I take a dim view of the term "cult Cab." For one thing, I think it's widely overused and misapplied, mainly in a hyperbolic and aspirational sense, by wine publicists, distributors and retailers.
The term was coined to refer to the buying frenzy following "perfect" or near perfect ratings from Robert Parker, Jr., for Napa wines like Screaming Eagle, Harlan Estate and Bryant Family.
Some of these wines are quite good -- in a ripe, low yield, super concentrated style. Yes, I enjoyed a complete vertical of Screaming Eagle several years back, admiring the purity of the fruit and the wines' relative complexity. How can a bottle of this stuff possibly be worth over $1,500 on release, though?
I also believe the great majority of wines in this category are hardly deserving of the stratospheric prices and disproportionate attention they have received over the years. There are a lot more interesting, characterful and compelling wines out there that receive a fraction of the kind of attention that so-called cult Cabs received in the years when Parker's palate dictated the collectors' market.
That said, there is one California Cabernet, based largely on very old vines, that has truly impressed me this year. Its first release, the 2003 vintage, also received 98 points from Parker in 2006 (he rated the '07 100 points) and quickly became a sought after collectible. So it's definitely in the "cult Cab" category. It is also, however, a very impressive and delicious wine.
The label is Scarecrow. I got to experience a complete vertical of this wine at a tasting with the proprietor and winemaker at Pebble Beach Food & Wine this year--only the second time they've poured a complete vertical. I subsequently checked my results from this tasting with bottles that a couple of my well heeled friends had collected. Yup, no question, this is darned good stuff.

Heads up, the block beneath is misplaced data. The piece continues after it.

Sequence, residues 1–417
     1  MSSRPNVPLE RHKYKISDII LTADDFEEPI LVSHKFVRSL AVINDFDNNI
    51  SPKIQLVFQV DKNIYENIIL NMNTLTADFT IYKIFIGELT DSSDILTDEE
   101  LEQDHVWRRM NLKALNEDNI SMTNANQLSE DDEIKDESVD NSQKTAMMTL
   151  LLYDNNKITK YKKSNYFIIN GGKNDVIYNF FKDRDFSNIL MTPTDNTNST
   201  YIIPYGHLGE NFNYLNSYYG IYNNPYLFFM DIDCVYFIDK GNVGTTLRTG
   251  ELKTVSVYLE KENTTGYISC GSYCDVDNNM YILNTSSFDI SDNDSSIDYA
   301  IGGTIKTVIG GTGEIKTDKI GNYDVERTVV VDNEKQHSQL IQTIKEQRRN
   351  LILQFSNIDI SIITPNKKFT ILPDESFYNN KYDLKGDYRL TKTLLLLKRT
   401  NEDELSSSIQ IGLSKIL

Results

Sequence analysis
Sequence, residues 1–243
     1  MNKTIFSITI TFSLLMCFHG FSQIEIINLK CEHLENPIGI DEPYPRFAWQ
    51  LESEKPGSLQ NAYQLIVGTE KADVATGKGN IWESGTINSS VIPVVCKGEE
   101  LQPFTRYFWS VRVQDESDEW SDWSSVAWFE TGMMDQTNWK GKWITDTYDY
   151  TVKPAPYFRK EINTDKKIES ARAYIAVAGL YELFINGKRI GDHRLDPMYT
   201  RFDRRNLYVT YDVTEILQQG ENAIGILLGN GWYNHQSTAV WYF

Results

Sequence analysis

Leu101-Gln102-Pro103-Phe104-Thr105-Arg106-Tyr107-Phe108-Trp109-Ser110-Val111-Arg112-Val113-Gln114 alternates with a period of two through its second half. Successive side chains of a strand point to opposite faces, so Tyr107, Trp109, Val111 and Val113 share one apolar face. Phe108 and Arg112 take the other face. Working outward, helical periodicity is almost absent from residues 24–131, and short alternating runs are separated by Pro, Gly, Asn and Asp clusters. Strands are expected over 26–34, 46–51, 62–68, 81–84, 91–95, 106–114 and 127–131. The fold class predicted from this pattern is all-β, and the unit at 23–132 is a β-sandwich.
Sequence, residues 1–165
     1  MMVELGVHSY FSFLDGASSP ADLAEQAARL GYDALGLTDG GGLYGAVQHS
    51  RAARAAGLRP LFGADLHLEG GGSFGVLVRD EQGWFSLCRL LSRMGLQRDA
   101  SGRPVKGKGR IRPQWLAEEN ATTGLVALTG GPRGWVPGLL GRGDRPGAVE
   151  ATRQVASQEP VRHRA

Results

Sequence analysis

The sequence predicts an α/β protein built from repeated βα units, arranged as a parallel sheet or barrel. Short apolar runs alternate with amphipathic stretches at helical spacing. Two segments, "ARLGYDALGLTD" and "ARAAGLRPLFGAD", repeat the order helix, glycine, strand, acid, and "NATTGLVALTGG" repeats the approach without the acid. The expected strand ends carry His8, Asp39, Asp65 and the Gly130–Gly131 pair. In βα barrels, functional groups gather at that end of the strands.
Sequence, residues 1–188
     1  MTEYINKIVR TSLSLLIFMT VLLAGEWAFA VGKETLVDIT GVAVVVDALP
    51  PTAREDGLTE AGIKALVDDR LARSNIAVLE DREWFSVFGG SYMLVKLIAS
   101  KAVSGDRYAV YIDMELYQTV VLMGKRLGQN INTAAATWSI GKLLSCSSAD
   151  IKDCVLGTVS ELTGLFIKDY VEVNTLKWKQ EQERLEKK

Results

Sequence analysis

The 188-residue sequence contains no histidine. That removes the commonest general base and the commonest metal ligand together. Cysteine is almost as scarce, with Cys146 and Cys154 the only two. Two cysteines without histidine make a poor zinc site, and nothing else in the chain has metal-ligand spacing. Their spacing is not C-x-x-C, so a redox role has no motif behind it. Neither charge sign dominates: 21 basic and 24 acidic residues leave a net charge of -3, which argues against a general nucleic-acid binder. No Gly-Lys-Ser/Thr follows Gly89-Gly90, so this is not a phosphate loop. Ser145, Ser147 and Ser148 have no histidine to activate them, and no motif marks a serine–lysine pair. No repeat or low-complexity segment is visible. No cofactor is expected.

The story behind these wines helps explain what makes them so amazing.
The Cabernet grapes were originally planted in 1945 on St. George rootstock by legendary Inglenook winemaker John Daniel, Jr., on land purchased in 1943 by MGM production chief Joseph Judson Cohn immediately adjacent to Gustave Niebaum's Inglenook estate. This is on the southeastern edge of the area now known as the Rutherford Bench.
Cohn was a major factor in MGM's success in Hollywood's golden years, overseeing productions from the 1920s through the 1950s, including such classics as the original "Ben Hur," "Mutiny on the Bounty" and "The Wizard of Oz." Cohn served as executive producer for the latter film. Cohn bought the Napa property, including the Victorian house built in 1875 by California's first Supreme Court Chief Justice Serranus Clinton Hastings, as a summer vacation home, on the advice of Bank of America founder A.P. Giannini.
John Daniel, Jr., managed the vineyard; Cohn just received revenue from the sale of its grapes. Over the years, those grapes went into such superlative Cabernets as the Inglenooks of the John Daniel era, the original Opus One, Robert Mondavi Reserve, Joseph Phelps' Insignia and Beaulieu's Georges de Latour Private Reserve.
When new Cabernet clones were planted in Napa beginning in the '60s on the higher yielding AxR1 rootstock recommended by U.C. Davis, Cohn stayed with what he already had planted. AxR1, of course, turned out not to be phylloxera resistant after all, so a great many vineyards had to be replanted after phylloxera hit in the '80s. As a result, the original Cohn vines are thought to be the oldest Cabernet Sauvignon plantings in Napa.